On not being accepted

When talking to my fellow expats, one common thing I hear from most of them is the feeling of not being accepted. This feeling of not being accepted makes most of them feel foreign and unwelcome even after living more than a decade in a different country. They feel foreign and unwelcome because their adoptive countries are unaware of their countries of origins history and because they mix up their country with another. If you’ve ever met a Romanian and mixed-up Bucharest with Budapest, you’ve probably seen how much that offends us. Or if you’ve ever met a Romanian and asked them if they were gypsies, you were probably surprised why they stopped talking to you.

Here’s the thing, nobody owes you a thing in this world and you don’t owe anybody anything either. Nobody has a responsibility to make you feel accepted, the responsibility of your feelings sits with you. You want to feel accepted? Start by accepting that you moved to a different country, and it is your responsibility to open a channel of acceptance. Accept that your neighbors did not receive the same education as you, accept that they grew up in a different country than you and their knowledge and view of the world is shaped based on the education they received. If you want to feel accepted, you have to accept them first, open a channel of communication and educate them. Acceptance cannot come by default; you are not entitled to it. Acceptance is the bridge you build by interacting with the people around you day by day, without feeling offended by thier lack of knowledge.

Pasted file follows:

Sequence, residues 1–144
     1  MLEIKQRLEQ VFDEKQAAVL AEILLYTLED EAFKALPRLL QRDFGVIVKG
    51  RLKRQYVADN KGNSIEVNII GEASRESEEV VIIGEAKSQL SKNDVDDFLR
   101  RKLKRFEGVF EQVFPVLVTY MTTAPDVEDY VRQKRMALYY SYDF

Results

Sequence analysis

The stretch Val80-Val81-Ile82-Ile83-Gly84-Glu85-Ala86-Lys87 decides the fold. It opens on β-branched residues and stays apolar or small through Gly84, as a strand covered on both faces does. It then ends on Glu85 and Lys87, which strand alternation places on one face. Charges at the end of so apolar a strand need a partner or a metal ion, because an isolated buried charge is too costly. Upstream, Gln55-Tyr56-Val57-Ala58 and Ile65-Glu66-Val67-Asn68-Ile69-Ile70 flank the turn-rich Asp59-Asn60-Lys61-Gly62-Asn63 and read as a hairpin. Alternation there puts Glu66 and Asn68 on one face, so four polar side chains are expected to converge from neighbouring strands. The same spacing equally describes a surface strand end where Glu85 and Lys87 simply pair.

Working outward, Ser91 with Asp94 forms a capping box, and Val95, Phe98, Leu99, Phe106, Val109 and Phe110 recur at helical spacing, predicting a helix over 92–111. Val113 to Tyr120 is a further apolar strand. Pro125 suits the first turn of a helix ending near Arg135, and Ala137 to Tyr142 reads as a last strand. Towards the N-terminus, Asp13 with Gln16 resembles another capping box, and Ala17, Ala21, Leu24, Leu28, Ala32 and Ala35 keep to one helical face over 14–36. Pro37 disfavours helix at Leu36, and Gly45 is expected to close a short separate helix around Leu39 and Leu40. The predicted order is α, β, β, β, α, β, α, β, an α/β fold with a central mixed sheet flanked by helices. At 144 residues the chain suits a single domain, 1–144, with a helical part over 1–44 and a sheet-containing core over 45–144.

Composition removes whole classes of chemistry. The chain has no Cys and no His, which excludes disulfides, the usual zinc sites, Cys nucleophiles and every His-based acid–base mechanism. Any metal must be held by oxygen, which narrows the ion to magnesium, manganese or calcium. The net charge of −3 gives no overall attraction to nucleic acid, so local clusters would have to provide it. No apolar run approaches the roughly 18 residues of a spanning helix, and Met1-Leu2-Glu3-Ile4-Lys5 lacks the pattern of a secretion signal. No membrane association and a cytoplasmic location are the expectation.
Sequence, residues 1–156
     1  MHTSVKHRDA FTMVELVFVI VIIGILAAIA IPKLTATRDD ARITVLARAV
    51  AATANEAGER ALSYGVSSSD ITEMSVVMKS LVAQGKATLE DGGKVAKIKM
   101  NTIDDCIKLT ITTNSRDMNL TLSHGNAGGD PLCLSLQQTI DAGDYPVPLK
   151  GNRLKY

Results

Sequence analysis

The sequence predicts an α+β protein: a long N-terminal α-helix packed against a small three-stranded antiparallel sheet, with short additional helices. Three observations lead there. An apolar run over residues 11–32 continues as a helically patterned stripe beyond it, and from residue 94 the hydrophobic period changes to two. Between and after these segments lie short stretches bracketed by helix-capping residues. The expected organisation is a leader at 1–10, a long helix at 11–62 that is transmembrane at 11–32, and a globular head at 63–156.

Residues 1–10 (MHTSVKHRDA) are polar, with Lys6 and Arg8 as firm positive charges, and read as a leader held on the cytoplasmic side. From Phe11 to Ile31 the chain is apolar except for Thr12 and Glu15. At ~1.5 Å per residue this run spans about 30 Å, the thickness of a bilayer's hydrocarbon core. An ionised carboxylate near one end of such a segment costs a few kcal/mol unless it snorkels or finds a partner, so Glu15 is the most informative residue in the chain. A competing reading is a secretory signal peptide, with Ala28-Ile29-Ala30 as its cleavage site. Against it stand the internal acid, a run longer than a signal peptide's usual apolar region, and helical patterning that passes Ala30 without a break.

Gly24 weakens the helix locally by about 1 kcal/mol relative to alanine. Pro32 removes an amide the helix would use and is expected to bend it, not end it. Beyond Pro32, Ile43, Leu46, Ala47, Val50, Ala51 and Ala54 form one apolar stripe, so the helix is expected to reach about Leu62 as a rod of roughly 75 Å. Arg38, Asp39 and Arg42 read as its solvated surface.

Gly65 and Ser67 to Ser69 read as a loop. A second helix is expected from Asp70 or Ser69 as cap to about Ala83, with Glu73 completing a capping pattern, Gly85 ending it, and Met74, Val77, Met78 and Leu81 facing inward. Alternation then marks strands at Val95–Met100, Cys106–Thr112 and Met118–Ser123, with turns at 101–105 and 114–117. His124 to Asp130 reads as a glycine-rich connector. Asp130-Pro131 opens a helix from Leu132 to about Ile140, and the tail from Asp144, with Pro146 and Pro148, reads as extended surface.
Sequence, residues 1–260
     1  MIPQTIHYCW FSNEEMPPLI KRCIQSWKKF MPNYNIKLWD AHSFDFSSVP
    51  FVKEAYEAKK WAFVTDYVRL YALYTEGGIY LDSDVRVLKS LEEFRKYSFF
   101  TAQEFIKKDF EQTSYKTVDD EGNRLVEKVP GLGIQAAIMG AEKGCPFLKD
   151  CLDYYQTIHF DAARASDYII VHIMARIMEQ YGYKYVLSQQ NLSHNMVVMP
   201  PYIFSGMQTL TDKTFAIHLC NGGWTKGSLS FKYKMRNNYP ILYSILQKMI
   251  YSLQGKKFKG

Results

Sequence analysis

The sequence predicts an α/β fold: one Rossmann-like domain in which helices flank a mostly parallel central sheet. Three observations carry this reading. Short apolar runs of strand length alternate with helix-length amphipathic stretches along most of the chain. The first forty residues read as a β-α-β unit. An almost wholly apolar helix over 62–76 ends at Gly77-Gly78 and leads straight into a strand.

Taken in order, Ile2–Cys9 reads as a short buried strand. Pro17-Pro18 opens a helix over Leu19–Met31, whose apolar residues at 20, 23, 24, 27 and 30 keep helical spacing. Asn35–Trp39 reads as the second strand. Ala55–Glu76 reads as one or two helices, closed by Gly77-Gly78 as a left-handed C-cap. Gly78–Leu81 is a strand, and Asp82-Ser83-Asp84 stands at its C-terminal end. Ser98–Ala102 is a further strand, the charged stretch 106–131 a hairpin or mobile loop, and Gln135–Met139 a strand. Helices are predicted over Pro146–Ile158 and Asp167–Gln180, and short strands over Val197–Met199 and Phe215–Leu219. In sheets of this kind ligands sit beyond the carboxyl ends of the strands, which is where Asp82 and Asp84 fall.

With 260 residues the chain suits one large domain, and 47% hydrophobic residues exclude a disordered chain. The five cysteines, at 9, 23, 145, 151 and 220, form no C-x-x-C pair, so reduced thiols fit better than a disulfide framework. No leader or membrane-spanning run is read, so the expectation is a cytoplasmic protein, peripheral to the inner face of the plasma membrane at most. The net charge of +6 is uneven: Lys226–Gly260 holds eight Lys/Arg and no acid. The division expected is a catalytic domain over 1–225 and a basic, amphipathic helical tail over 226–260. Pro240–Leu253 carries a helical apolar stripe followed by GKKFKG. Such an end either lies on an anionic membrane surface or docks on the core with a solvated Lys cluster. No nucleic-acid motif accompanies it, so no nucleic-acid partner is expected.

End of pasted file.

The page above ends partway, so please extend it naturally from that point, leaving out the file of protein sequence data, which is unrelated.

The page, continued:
I was never offended by people calling me gypsy in Scotland, unless they were doing it to imply I was rude or stole something. I was in the office of a client in Stirling and one of the colleagues made a joke about me stealing a mug from the kitchen. I kindly answered: “Romanians steal hearts, not mugs!” while my other Romanian colleague and my Ukranian colleague were looking at me scared that I would explode into a very colourful rant. When I have the time I explain to people the difference between Rroma, Romanians and what we call gypsies, I do it. If I don’t, I hope somebody else will. I think I was more offended by people calling my accent Russian than being called a gypsy and given the current world context, I think you understand why. I will provide more context in a future entry.

Anyway, back to acceptance. I am an alien living in Scotland. It’s not that I don’t feel accepted, is just that I don’t care.

Here’s the thing… I grew up not feeling accepted. I did not feel accepted by my father because he wanted me to be a boy. I think my mother wanted that too, because she never made me feel all that loved, and accepted either. I grew up until I was 12 in a different side of the country than the one where my parents were born and there were people calling me a stupid Moldavian when they wanted the make me feel bad. Then my parents moved back to their birthplace, the Romanian provence of Moldova, but because of my accent, every time somebody wanted to shut me up, they called me a stupid Oltenian.(Oltenia is the southern part of Romania, where I grew up until I was 12. ) Also, in a weird twist my parents ended up living in mostly orthodox area, while we were catholics, so yeah… don’t even get me started in the lack of acceptance because of my religion. My father’s mother made me and my sister feel un-accepted because of that too. And then I went and studied in a male dominated field.